A new exhibition at the Grant Museum takes a look at how the attitudes of the British Empire affected the collections of natural wildlife that were brought back to the UK.
Collecting natural specimens reached its height at the time of the Empire, with a mix of scientific curiosity blending with Imperial prejudices about what was collected.
Sometimes less a clinical collection than seeking out animals and plants that would feed the vision of a British overlord bringing strange samples of a backward world to the Imperial Capital to be gawped at.
At it’s heart, the exhibition is based around one simple question: “How did all these things come to be here in the first place?”
Being the Grant, it’s based around taking examples of animals already in their collection, and adding thought provoking questions about how that particular animal ended up here in London.
A few loans, such as the snakeskin handbags seized recently by UK Customs a reminder of the illegal smuggling operations that still persist.
Another of an elephant’s tusk with a bullet hole in it from 1900 a reminder of how many of the animals in museums started their journey to the UK.
A lot of animals ended up in UK collections thanks to the habit of colonialists taking their existing traditions and adapting them to their host countries. Australian animals are unusually well represented in UK collections, thanks to hunting with dogs being a favoured pastime.
Hunting that drove some animals to extinction – such as South Africa’s Quagga, an animal that finally got legal protect in 1886 – three years after the last one had been killed.
It’s not just Victorian’s who attributed their values onto animals, it’s a general human failing. We love cuddly pandas, but rather few of us have the same opinion about spiders. Famously, an elephant was brought to the Tower of London as far back as 1255, and as everyone thought it a noble beast, fed it regal food. It died after just a couple of years, as it much preferred the peasants vegetables to the lordly meats.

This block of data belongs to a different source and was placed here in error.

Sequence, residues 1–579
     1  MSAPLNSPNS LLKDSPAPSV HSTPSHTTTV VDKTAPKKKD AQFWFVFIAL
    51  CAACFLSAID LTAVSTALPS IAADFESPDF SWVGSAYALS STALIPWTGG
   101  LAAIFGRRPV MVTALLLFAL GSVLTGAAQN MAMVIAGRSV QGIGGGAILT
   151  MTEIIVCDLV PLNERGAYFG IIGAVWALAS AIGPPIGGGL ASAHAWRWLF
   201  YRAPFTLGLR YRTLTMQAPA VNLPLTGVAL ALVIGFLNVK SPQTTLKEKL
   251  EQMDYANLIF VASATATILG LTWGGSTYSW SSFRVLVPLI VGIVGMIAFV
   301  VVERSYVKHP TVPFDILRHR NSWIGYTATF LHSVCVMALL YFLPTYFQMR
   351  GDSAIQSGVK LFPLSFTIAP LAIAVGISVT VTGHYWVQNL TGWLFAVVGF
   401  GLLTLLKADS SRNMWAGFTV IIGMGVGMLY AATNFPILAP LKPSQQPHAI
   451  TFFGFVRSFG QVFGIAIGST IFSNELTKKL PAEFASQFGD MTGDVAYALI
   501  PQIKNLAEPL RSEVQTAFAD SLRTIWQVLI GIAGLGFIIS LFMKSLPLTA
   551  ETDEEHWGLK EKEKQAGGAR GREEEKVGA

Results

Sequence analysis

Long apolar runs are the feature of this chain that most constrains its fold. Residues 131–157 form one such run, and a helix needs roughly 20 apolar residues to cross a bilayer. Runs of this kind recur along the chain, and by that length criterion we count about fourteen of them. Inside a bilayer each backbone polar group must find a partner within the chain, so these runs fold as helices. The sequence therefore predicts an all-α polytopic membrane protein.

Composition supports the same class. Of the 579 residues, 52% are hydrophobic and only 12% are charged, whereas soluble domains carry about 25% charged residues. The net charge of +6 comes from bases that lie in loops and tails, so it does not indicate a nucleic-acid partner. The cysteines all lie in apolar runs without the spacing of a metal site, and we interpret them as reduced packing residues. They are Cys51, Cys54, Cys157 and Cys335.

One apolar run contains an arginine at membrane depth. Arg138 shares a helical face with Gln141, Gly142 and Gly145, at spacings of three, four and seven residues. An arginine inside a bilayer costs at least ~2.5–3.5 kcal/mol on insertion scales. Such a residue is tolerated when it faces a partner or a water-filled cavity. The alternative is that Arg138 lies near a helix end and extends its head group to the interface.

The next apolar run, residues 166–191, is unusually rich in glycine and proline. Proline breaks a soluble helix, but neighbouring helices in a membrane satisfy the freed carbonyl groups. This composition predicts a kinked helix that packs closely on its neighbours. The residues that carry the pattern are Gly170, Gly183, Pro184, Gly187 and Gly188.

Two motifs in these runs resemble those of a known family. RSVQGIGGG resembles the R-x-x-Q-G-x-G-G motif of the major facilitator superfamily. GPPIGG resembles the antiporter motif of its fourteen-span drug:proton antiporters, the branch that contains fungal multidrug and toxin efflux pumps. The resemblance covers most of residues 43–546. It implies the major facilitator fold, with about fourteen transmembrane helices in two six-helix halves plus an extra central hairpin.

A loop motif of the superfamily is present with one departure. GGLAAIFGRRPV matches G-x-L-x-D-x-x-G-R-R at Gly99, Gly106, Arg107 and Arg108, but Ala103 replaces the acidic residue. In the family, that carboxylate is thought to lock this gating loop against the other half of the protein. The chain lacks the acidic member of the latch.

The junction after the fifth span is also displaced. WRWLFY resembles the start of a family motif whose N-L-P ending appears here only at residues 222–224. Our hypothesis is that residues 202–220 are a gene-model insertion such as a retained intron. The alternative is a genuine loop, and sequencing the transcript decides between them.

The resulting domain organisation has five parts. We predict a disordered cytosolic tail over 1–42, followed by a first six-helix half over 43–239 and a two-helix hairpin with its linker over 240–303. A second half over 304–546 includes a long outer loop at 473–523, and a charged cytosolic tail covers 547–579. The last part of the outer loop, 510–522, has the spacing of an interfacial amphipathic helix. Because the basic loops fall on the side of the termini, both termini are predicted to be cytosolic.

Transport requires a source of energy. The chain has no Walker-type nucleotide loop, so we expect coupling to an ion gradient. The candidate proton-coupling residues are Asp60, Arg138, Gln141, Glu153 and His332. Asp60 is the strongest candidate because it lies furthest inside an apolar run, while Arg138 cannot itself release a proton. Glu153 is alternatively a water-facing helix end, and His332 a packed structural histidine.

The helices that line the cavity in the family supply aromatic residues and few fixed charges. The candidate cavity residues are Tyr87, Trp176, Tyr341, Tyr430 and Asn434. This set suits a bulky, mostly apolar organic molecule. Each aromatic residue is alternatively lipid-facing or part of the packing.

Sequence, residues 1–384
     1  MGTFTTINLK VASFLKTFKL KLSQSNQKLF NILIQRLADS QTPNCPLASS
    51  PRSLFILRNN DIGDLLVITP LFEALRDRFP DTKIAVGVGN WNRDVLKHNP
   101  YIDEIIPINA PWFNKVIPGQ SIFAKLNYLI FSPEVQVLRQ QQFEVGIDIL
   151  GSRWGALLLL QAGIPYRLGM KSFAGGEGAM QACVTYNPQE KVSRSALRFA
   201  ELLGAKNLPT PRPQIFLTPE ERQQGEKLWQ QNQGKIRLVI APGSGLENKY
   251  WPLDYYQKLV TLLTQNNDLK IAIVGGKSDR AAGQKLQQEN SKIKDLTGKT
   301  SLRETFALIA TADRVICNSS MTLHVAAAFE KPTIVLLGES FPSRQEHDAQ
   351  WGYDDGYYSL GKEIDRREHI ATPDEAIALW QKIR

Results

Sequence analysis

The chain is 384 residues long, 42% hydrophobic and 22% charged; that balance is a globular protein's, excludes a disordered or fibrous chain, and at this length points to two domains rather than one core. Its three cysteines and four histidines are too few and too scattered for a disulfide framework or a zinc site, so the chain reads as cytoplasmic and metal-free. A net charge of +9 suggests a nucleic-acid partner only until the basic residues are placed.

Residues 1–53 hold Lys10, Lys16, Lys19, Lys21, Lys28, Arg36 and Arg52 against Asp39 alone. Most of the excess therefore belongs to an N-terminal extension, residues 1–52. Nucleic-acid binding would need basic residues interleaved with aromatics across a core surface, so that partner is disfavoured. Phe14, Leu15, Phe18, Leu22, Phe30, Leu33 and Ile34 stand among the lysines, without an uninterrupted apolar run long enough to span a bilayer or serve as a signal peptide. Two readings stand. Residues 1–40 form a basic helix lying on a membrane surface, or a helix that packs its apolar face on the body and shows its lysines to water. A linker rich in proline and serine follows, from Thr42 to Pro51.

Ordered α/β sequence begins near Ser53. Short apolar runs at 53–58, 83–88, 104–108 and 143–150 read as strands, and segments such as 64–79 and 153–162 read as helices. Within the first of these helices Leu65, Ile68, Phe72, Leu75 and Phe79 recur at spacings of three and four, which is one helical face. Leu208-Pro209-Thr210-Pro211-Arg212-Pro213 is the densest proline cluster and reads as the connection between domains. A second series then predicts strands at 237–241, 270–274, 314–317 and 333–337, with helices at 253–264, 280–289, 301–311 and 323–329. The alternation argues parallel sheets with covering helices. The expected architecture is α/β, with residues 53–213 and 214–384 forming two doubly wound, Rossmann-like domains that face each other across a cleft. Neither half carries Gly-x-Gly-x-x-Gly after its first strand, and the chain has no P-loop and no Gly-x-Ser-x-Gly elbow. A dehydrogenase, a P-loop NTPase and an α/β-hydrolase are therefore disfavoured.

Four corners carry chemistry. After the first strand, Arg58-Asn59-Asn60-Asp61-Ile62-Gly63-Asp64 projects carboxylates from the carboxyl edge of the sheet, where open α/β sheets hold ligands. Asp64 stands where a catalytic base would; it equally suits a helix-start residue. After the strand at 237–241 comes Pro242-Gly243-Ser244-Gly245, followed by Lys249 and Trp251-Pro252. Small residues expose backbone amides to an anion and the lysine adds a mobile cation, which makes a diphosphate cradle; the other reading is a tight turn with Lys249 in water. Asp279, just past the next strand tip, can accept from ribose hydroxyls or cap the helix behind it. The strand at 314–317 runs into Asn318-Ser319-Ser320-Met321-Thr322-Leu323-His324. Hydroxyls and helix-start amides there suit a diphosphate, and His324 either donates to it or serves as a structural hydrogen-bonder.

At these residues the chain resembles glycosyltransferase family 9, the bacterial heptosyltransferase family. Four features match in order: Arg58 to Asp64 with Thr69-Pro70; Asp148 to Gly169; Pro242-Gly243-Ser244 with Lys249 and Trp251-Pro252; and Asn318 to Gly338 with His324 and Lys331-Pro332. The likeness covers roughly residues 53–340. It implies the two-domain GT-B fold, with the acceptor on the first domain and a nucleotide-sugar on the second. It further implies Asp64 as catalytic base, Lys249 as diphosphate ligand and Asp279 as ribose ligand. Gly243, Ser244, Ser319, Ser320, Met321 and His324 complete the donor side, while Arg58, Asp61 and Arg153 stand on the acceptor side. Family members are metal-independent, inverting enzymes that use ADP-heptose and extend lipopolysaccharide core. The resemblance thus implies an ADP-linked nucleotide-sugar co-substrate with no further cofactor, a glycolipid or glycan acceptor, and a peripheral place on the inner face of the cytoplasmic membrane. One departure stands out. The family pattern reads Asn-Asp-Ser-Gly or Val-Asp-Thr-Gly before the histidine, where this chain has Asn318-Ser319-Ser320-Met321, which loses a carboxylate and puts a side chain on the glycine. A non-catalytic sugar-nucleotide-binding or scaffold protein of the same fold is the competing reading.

Even the smallest were enrolled in Imperial ambitions — the museum’s famous Micrarium of microscopic bugs is based in part on a former curator’s opinion that their study would “have an enormous influence on the history of the work, and of mankind, because they are going to make the Tropics habitable by white men.”
It’s not just the animals, but the institutions themselves that benefited from Empire, and it was recently found that some of the founders of UCL, of which the Grant is part, were slave owners, and funded the early collections at the Grant Museum. One glass case has been left empty as a reminder that there is always a hidden history behind how an object ends up in a museum, and that story is often overlooked.
It’s a display that makes you rather melancholic at how our ancestors behaved, but also oddly uplifting in that while a long way from ideal in how we deal with the environment, we at least recognise how bloody stupid we once were in some respects.